I think it’s disgraceful that they gave you a life expectancy when you specifically didn’t want to know. But do hold in your mind the fact that they go by statistics and their general experience, not an intimate knowledge of YOU. I had an 18 month daughter at time of sec dx and wanted to know how long I had so I could get my head round how much of her growing up I would see. My onc was very vague, said only ‘oh, we’ll keep you going for a few years yet’. I remember saying that a ‘few’ wasn’t enough, I wanted lots. Well, here I am, 2 and a half years on from that sec dx. Like you, I’m on herceptin and responding well to it. My onc is now much more hopeful for me than he was back in 2008, recently telling me about another of his patients on herceptin who had been having it for about 8 years! So I am really allowing myself to be more positive now and believe in the lots rather than the few.

I’m sure other ladies will be along shortly to share with your their lymph nodes stories,

in the meantime best wishes

Alison x

Hi Chris,

I am so sorry to read your story especially that you had the misfortune to have an oncologist give you such devastating information that you had made clear you did not wish to receive.

Like you I went a few years (6) after my first diagnosis in 1990 before it came back again - for me it was to be more primary recurrences, until in 2002 I was diagnosed with secondaries throughout my bones. The first sign anything was wrong was having a number of affected lymph nodes all around my neck, collarbone & upper chest, and starting to cause damage. I was put on chemo and the nodes all shrunk, but as soon as I came off the chemo they returned. This was all in the days before herceptin was much heard of but my oncologist asked for my tissue from surgery in 2000 to be tested for HER2, to find that I was indeed her2+++. I was already being treated with bisphosphonates for my bone mets but the amazing thing was that when I started herceptin all the affected lymph nodes completely disappeared and have never returned. My bone disease has been stable now for 8 years although I do have a small problem with a soft tissue tumour next to my lower spine recently that is creating a lot of pain probs. I really hope for you that herceptin will be as successful as it has for me, and give you many years.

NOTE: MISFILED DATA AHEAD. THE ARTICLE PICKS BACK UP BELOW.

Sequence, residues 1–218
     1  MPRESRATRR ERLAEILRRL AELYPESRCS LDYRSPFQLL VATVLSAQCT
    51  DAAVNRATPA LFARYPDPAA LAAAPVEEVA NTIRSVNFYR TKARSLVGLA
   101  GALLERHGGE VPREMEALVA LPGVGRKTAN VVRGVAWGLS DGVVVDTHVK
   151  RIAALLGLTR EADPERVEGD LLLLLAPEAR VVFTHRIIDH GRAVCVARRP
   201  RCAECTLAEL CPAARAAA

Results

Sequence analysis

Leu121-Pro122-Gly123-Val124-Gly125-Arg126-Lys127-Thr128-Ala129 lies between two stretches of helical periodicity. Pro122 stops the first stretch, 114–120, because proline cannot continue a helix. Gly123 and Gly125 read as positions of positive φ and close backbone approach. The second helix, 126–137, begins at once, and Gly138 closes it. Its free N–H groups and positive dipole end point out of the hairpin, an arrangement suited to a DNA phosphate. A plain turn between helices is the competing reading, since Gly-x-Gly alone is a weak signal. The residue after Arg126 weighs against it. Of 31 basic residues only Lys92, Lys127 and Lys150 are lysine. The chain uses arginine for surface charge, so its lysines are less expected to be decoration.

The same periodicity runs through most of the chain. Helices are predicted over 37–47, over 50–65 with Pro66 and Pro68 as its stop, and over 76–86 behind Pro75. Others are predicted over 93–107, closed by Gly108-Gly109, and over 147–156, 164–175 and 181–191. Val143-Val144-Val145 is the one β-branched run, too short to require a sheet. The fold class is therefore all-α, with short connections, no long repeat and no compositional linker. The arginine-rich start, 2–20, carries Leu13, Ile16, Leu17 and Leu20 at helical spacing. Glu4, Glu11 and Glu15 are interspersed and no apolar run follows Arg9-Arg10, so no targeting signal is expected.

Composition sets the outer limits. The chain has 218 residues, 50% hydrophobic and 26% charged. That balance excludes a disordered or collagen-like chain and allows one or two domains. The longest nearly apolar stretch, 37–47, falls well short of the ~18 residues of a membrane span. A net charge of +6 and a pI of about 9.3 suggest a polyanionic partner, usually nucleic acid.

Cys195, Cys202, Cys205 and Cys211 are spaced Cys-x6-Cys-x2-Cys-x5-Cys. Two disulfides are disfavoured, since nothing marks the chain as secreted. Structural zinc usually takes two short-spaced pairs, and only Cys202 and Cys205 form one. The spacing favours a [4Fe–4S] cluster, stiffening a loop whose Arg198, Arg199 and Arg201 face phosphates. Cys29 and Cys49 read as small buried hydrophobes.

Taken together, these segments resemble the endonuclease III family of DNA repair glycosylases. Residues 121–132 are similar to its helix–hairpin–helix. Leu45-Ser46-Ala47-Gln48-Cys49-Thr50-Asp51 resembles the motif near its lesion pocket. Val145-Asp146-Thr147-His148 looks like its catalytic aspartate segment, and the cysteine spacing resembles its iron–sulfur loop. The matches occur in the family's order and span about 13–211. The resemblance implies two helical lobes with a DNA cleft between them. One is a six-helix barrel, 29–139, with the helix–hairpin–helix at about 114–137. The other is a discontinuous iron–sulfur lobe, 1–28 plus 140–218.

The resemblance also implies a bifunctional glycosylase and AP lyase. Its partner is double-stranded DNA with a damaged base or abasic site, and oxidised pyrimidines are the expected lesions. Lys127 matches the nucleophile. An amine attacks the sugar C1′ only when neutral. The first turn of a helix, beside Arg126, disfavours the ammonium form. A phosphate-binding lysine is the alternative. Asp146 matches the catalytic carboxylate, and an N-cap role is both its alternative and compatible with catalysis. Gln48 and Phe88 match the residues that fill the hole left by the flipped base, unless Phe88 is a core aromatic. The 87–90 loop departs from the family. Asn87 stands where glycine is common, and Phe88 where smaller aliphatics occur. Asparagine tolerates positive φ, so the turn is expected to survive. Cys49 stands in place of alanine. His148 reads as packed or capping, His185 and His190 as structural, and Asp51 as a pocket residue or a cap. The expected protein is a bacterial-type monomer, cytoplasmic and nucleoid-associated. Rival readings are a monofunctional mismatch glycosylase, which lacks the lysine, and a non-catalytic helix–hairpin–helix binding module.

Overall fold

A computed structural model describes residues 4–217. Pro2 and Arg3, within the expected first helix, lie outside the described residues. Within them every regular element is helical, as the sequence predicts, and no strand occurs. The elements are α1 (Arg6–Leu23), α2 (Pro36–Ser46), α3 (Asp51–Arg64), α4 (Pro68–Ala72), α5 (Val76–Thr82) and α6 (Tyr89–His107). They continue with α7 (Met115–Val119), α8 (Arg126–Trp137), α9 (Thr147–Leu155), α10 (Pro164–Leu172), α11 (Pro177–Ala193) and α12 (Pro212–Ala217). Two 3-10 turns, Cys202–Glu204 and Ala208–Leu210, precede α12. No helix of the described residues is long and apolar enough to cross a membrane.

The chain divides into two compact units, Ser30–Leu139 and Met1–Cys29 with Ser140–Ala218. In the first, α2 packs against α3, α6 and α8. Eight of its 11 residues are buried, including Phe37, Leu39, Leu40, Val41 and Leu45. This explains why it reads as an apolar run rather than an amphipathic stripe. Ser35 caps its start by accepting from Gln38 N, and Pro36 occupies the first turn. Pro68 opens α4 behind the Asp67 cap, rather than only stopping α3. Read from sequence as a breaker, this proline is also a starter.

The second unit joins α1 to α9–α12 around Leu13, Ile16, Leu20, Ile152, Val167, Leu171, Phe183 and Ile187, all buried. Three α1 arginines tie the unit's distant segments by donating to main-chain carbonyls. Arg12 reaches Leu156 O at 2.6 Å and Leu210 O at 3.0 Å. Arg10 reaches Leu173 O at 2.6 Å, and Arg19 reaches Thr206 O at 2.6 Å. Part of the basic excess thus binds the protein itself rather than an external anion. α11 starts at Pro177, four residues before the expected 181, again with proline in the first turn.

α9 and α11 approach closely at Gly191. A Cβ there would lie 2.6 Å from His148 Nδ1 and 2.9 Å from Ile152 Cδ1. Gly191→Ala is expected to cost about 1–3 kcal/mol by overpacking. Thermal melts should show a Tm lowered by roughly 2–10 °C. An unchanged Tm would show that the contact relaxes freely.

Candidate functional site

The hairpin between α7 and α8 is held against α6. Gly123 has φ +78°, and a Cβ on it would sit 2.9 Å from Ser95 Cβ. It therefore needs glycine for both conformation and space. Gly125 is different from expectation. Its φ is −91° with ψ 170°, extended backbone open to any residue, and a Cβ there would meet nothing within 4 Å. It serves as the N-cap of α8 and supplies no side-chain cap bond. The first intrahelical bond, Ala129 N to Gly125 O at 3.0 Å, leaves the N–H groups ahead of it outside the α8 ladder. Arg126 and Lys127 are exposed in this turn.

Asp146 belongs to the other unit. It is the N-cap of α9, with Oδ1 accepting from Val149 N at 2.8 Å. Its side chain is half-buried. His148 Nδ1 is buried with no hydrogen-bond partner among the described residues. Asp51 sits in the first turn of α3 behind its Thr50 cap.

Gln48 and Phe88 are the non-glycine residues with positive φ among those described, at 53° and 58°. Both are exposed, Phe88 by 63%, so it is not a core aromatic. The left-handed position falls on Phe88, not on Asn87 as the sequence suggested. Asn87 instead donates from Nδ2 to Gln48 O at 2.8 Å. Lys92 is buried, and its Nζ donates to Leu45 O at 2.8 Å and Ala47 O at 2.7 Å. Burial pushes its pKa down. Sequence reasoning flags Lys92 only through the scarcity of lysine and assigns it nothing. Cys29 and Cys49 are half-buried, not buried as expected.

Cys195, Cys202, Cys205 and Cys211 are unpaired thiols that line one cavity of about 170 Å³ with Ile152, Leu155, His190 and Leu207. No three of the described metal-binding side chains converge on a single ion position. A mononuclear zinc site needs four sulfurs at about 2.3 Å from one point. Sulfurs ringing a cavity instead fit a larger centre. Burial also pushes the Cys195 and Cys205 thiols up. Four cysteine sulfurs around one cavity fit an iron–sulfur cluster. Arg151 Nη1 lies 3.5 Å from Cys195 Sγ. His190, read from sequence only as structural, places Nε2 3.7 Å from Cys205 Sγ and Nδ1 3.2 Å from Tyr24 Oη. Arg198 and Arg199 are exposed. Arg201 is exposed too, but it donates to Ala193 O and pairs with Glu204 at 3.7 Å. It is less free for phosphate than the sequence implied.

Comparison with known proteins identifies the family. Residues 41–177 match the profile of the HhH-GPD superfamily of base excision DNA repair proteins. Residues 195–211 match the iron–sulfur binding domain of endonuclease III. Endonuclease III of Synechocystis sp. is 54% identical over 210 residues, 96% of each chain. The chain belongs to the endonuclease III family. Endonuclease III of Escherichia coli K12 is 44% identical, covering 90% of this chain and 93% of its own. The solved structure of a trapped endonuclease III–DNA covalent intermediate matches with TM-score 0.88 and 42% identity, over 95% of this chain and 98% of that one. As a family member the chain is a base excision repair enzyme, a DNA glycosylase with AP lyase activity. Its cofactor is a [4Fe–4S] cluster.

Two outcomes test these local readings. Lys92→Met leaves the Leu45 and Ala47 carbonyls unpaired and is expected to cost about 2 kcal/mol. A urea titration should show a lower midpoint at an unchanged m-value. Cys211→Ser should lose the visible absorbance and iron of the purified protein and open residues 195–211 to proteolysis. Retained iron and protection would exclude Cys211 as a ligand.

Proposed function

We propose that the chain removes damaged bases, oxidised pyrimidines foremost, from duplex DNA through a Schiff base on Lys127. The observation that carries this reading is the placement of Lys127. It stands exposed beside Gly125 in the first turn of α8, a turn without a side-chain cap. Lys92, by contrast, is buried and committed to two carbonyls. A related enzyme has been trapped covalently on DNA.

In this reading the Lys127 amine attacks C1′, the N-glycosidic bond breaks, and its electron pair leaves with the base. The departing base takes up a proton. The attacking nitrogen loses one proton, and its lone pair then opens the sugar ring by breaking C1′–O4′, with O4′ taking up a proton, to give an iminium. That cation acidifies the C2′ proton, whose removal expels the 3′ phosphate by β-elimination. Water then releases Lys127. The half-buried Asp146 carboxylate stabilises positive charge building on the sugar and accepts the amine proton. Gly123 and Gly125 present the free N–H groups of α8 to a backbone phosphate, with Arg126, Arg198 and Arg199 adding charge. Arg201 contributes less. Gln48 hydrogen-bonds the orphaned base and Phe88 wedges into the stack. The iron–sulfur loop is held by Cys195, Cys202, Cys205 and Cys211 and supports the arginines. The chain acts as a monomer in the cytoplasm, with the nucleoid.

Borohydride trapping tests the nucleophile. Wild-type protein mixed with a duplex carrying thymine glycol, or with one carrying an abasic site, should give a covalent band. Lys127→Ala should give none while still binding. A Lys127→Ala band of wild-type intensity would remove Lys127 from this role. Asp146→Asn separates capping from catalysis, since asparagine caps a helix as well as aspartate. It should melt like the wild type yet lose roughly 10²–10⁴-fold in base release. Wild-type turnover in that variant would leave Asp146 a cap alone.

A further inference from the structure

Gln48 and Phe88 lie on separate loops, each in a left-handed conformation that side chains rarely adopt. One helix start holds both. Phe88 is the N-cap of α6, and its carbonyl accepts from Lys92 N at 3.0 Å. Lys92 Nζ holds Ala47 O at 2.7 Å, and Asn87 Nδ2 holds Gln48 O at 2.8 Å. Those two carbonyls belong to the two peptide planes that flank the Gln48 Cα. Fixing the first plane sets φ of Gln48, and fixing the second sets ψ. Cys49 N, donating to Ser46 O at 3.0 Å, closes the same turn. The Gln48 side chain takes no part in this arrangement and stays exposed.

I see that you say you will be on chemo & herceptin for 4 mths. It may be worth asking your oncologist if the herceptin works for you will you stay on it, because that is the usual practise. Remember if you are not happy with your oncologist you can always ask for a second opinion or change.


Posted for new user Diane
Jo, Facilitator

Hiya Chris,
Ive was given 2 years to live 9 yrs ago, my cancer went from the breast to the bones, Ive been taking herceptin for 5 years now and think is great, there are other treatments out there to so try and think positve, hard I no but it is getting better for us cancer patients. Im 41 now and all Ive had is a 2year break from this.wish you all the luck in the world xx

Hi Chris

Tumour markers are obtained from a blood test. They are one of the methods used to monitor the effectiveness of treatment and disease progression.

Thanks to everyone for your comments. It’s a tough road to start out on, but I’ve really found inner strength from reading of other people’s journeys. When you’re given your life expectancy, it’s very hard not to focus on that number, but I’m really pleased to see so many women are living for a long time and appear to be enjoying their lives, rather than living in misery and pain. So thank you one and all!